Reviews: Review: WOMAD 2017

Tony Benjamin, August 4, 2017

WOMAD returned to Charlton Park, Malmesbury, from July 27-30 2017, and it was a rather fine musical weekend with a few real gems thrown in.

OK – let’s get the weather out of the way: yes, it did rain a bit and there was a little mud, but it was no big deal really. And yes, there was a fair amount of sunshine, too, and sitting on the grass. It was an English summer festival after all, wherever the music had come from, and WOMAD’s genteel audiences generally come with sensible rainwear to hand.

Lamomali – gloriously excessive

If the musical menu was typically diverse, certain themes and cultures emerged, with Greece and Brazil well represented and a fair smattering of French influence among the rockier performers. The latter provided an interesting ‘compare and contrast’ exercise between Lamomali and Ifriqiyya Electrique . While Lamomali’s main stage rock’n’rap set was glamorously excessive it was only when kora legend Toumani Diabate and son Sidiki dueted alone that it felt properly African, with the younger player’s effected sound adding a contemporary tone.

Ifriqiyya Electrique – raw street enemy

The raw street energy of Tunisia’s ecstatic Banga ritual was very much the centre of Ifriqiyya Electrique’s unbroken wall-of-sound set, however, three traditional singer-percussionists flanked by incongruously goth electric bass and guitar in front of documentary film of the actual spirit-possession ritual. Their combination of trance insistence with jarring noise-rock recalled the shock of first seeing Konono No 1 and had a similarly animating effect.

Seu Jorge sitting on the dock of the bay

Brazil’s contingent interestingly rarely fitted the usual expectations of Brazilian music, with Bixiga 70 hiding Samba in Afrobeat and young big band Nomade Orquestra gleefully mixing funk, jazz and psychedelia with great results. A solo Seu Jorge (apparently sitting on the dock of the bay à la The Life Aquatic) led a packed audience singalong to his versions of David Bowie songs, albeit he was singing his own Portuguese lyrics while they stuck with the English originals.

Metá Metá – pretty brilliant

Best of the Brazilian bunch was Metá Metá whose magpie set embraced weird tango, surf-jazz, full-throated punk and old-school fusion thrash. There was something of Rip, Rig and Panic and something of Siouxsie Sioux and it was pretty brilliant.

Xáos, complete with goat

The Greeks, on the other hand, stayed closer to their cultural roots, especially London-based Kourelou, who even got some of the crowd line dancing, Greek-style. Striking traditional instruments fronting the electronic soundweave of Xáos included the bowed lyra and bagpipes made from a hairy goatskin, contributing virtuoso improvised flourishes to the slightly doomy post-rock ambience.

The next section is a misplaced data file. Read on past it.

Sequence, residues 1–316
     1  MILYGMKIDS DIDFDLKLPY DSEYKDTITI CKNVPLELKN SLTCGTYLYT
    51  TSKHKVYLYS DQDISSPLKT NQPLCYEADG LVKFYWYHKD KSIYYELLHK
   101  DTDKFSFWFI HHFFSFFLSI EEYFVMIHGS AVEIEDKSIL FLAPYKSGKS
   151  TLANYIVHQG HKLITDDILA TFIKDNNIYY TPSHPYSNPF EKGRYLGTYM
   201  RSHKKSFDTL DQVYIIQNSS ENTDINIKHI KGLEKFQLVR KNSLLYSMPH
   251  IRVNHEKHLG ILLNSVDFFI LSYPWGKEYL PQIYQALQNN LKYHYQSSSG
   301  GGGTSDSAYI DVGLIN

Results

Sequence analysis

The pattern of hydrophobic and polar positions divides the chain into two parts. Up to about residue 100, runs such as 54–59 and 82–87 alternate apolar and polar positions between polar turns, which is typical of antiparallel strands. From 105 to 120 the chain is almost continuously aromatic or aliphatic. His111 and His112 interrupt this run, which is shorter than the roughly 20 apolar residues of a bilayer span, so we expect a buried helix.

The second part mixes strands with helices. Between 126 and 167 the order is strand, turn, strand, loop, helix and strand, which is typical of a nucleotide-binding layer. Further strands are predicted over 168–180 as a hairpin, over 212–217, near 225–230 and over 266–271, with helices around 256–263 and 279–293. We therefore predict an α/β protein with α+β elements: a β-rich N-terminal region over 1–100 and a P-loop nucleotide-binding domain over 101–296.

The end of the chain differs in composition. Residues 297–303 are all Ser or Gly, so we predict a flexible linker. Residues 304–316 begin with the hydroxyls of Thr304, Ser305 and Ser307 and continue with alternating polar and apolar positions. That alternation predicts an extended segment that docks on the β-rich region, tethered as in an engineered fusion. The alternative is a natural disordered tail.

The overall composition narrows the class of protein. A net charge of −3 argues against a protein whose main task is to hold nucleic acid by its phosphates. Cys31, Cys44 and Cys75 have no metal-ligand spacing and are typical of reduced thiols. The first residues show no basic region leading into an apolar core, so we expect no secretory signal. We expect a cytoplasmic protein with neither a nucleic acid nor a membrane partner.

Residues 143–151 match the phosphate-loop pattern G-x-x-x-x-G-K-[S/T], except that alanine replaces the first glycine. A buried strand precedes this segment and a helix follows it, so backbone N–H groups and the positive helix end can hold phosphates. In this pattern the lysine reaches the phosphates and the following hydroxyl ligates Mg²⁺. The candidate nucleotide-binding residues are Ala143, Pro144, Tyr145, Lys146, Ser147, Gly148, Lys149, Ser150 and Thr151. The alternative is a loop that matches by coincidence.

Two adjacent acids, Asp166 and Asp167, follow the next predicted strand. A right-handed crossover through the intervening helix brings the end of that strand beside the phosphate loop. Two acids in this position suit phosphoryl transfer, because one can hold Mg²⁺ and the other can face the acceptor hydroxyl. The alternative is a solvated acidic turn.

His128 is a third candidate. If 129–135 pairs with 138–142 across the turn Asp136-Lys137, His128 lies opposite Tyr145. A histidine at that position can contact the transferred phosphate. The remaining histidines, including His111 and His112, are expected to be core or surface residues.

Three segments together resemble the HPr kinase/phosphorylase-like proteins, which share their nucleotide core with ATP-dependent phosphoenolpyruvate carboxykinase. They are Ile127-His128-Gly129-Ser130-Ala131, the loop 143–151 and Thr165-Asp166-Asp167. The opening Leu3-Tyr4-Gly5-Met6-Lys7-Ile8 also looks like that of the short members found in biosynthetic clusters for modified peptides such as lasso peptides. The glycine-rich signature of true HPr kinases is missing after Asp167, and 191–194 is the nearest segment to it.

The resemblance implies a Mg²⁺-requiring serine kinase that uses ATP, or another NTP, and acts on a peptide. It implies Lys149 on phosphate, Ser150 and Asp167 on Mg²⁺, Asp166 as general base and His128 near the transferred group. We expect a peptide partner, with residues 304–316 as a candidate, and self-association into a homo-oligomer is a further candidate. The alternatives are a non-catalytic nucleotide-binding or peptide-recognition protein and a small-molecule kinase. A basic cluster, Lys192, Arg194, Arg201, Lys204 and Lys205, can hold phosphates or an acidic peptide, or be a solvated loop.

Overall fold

Savina Yannatou gets spooky

The most spectacular Greek performer, however, was singer Savina Yannatou, one of those spellbinding performances that draws out the individual character of ancient music and channels it through precise vocal stylisation. She was one of many fine acts on BBC Radio 3’s Charlie Gillett stage, with singing Haitian-Cajun cellist (yes, really) Leyla McCalla, the haunting Malagasy songs and jaw-dropping acoustic guitar of Toko Télo, sadly without the recently departed accordionist Régis Gizavo, and Officina Zoè’s sizzling Italian trance-folk all well worth catching.

The sparkling Roy Ayers

Of the big name headliners it was definitely Roy Ayers Afrobeat collaboration with Seun Kuti and Egypt 80 that stood out, the rhythms as tightly compelling as they should be for Mr Ayers vibraphone to sparkle over, reviving the spirit of his legendary encounters with Seun’s dad Fela.

These Goats come from Sweden

Toots and the Maytalls spread their requisite hits across their set with a lot of padding in between and Emir Kusturica’s Balkan irony was upstaged by following Oumou Sangare’s upbeat new grooves and GOAT’s theatrical psychedelic rock-out – both immensely crowd pleasing.

Eliza Carthy getting Wayward

There was general delight with Eliza Carthy and the Wayward Band, too, as the be-corseted singer and fiddler marshalled her 11-strong backing band through energetic arrangements of tunes like Turpin Hero (which got both a string trio opening and a reggae backbeat). As the ambassador for Englishness at a world music festival she managed to be both fresh and true to roots that spread as wide as The Mighty Sparrow, and as a potential successor to the now-defunct Bellowhead the band seemed well up to the challenge.

So a classic WOMAD experience then – dazzling new ‘discoveries’, reassuringly great favourites and a heap of those moments where you think you’ve picked the wrong stage but have a great time anyway. They may have had a whole world to choose from but it’s to their credit that WOMAD provided another exhaustingly satisfying musical weekend.

The excellent Brazilian big band Nomade Orchestra play Canteen on Thursday August 10.

 

Read more: 51 festivals happening in August 2017

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